学校 is pronounced がっこう with the small っ to mark a doubling of the following consonant sound. The audio is emphasizing the K and pronouncing it twice which when read quickly sounds a bit like a small pause in the middle of the word. It's not just the generated audio; saying the word out loud produces the same effect though the audio's pitch gets a bit strange.
Have to pay attention to if it's ごろに and not just に after the time. に is "at" basically. So if it's just に, it is at that time, and you would've gotten the question right without losing points with your answer. But, it wasn't just に, it was ごろに. It's the ごろ that indicates an approximation to the time. Not exact, but close. In English, this is commonly conveyed by saying "around" that time. So, your answer should be "at around 9 o'clock" and not just "at 9 o'clock" because ごろに is there and not just に.
As an aside, being "around" something is to be close to it in a circular fashion. Like, in the vicinity. Within a region that you could trace out around the target location. You're somewhere within the range, but who is to say where exactly within that range you are going to end up? Could be anywhere, you just know it's close. Can also say "at about 9 o'clock" or even "at 9 o'clock-ish." Although using "ish" would probably be counted wrong because it is slang.
I disagree. First, it is not grammatically incorrect. "At" is a preposition before time or location. "Around" modifies it further to suggest being placed at a time or location that is approximate. It might sound redundant now because colloquial usage has dropped the 'at' in common speech. But "at around" is still grammatically correct.
Take a synonym for "around", "approximate". Now try the same thing:
I go to school at approximately 9 o'clock
I go to school approximately 9 o'clock
I go to school at about 9 o'clock
I go to school about 9 o'clock
Do those synonyms still sound natural without "at" before them?
It only sounds redundant to you because you're used to hearing the "at" dropped. It's perfectly acceptable to drop the "at" today, but that's the exception to the grammar, not the rule. "At around" is the proper grammar originally.
"ko" isn't a particle, do you mean ごろ or へ? (Were you hearing the 'ko' sound from 学校 gakkou, school, maybe?)
に "ni" is a location and time particle, here it is used to mark the time that something happens, "at 9:00"
ごろ "goro" means "about/around"
So 九時ごろに "at around 9:00"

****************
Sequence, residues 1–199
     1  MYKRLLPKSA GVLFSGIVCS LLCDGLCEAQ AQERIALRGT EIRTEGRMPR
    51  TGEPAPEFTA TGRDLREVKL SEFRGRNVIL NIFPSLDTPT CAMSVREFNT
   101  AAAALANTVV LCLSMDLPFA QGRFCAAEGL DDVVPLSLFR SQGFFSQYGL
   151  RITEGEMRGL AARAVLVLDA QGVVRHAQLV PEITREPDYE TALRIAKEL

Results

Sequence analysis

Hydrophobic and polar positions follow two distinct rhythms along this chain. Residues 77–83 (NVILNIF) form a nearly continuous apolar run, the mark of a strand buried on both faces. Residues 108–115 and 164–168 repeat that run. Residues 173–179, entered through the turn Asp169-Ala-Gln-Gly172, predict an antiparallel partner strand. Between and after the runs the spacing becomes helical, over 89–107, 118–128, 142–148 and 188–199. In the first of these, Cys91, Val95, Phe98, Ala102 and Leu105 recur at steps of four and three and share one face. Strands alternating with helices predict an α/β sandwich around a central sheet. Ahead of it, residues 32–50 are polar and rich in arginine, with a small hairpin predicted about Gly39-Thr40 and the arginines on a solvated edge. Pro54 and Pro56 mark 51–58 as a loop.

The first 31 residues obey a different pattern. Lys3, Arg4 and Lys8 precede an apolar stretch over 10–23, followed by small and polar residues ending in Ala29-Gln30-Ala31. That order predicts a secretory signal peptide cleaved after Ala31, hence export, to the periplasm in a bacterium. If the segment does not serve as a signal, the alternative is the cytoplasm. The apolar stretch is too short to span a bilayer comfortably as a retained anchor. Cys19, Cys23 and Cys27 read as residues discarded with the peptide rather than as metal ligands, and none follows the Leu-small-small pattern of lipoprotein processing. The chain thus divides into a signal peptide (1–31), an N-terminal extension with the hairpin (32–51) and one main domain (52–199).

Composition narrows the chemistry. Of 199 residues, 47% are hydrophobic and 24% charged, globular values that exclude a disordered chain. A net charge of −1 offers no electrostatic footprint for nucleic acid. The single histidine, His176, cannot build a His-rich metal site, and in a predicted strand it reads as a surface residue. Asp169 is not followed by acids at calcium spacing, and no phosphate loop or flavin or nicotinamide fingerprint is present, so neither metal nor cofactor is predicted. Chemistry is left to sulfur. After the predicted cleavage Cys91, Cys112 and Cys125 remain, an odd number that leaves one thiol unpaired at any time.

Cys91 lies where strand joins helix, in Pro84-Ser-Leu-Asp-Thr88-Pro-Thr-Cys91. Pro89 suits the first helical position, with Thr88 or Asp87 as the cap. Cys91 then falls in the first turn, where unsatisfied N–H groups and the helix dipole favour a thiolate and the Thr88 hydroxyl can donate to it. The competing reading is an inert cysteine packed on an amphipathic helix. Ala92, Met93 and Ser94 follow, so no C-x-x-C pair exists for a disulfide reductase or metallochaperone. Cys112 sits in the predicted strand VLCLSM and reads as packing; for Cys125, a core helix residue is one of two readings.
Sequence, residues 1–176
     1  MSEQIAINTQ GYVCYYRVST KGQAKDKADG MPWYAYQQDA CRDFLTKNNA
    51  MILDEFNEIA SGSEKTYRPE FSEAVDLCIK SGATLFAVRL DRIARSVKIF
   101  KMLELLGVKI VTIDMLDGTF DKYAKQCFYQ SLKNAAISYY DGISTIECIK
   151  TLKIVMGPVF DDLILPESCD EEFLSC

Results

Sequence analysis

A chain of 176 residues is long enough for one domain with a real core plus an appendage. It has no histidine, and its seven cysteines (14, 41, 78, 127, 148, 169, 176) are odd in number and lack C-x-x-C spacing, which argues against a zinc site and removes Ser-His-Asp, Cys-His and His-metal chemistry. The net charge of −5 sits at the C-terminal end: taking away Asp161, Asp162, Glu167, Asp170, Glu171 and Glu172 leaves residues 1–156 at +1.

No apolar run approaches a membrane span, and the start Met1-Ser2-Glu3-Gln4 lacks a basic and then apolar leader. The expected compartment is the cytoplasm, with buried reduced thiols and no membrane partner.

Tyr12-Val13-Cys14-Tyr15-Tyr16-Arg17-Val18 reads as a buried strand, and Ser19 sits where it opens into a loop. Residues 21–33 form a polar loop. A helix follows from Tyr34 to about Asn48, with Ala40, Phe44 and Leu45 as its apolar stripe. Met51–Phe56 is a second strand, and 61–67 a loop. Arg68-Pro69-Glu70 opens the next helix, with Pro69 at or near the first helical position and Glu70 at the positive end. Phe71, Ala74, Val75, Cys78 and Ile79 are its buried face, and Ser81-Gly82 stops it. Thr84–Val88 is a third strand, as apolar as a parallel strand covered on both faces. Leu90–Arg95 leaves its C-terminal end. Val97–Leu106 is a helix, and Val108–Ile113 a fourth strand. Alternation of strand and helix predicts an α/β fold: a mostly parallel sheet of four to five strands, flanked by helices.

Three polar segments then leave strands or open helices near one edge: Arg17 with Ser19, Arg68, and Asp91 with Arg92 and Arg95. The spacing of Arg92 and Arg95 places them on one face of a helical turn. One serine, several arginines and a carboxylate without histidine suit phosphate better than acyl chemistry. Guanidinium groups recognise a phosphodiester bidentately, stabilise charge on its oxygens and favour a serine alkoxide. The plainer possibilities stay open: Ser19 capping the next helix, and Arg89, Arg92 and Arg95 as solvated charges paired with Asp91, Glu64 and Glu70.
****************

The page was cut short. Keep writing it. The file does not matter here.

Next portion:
へ is the direction particle, used to mark the destination of travel.
に and へ can often be interchangeable with marking location/destination of travel, but only "ni" can be used with marking location of existence and time, while "e" focuses on movement.
"Ni" in this case is closer to "at" or "to" stressing the destination and "e" is more like "towards" stressing the journey. Both can be used fine for the location marker in this sentence, though へ is preferred since there is already a に particle present for time and the verb 行きます "go" is related to travel.
the rhythm sounds unnatural in this example. Right after に the が part of 学校 is spoken and then there is a pause in sound until こ。がっこ is the hiragana, and there is a small "tsu" used that creates that pause in sound between the 'ga' and the 'ko' sound. But the tone and rhythm from 'ni' to 'ga' and the pause before 'ko' makes it sound like the word is not connected. Other sound samples of a sentence similar to this one sound better than this one.
毎日八時に大学に行きます。there are some small grammatical changes, but I think this is how it would be spelled. You don't need to say 私, often times it is very clear or obvious if you yourself is the target of the sentence. And between the location (大学) and the action (行きます) the needs to be a preposition, in this case に.
行 is pronounced い, used to write the verb 行く iku "go"
Here it is in polite form 行きます・いきます・ikimasu・"(I/you/he/she) go(es)"
に has a few different uses, but mainly it marks a specific point in time or space of existence or the target of an action/movement. Here it is being used as a time marker functioning similar to "at", 九時に "at 9 o'clock"
ごろ here means "around", marking that you probably aren't going to school at exactly 9, just some time within that general time. If you go to school 'around 9' it could probably be anywhere from 8:45 - 9:15, depending on the person and just how loosely they want to describe '9' by rounding to the nearest hour mark. I'd still say it'd closer to 9 than the half hour marks 8:30 or 9:30 though.
I go to school at around 9:00
does I go at school around nine o ' clock should be accepted? I don't know I don't speak english
"go" is used like "go toward a place" or "going somewhere." It implies movement; so it would be "I go to school." "at" is for time or location in this sentence. When do i go to school? AT around 9 o'clock. "I go at school" doesn't tell us where you are going, it just says that you are at school and you are going somewhere else.
There is the way that the time is indicated more clearly. ('午前'九時ごろ)（'午後'九時ごろ） But they are not exist in this sentence. Certainly we say like this sentence without indicate a.m. or p.m.. Maybe we do not need them in our typically conversation because we have common sense or common information.
But I cannot know the time whether a.m. or p.m. from this sentence alone.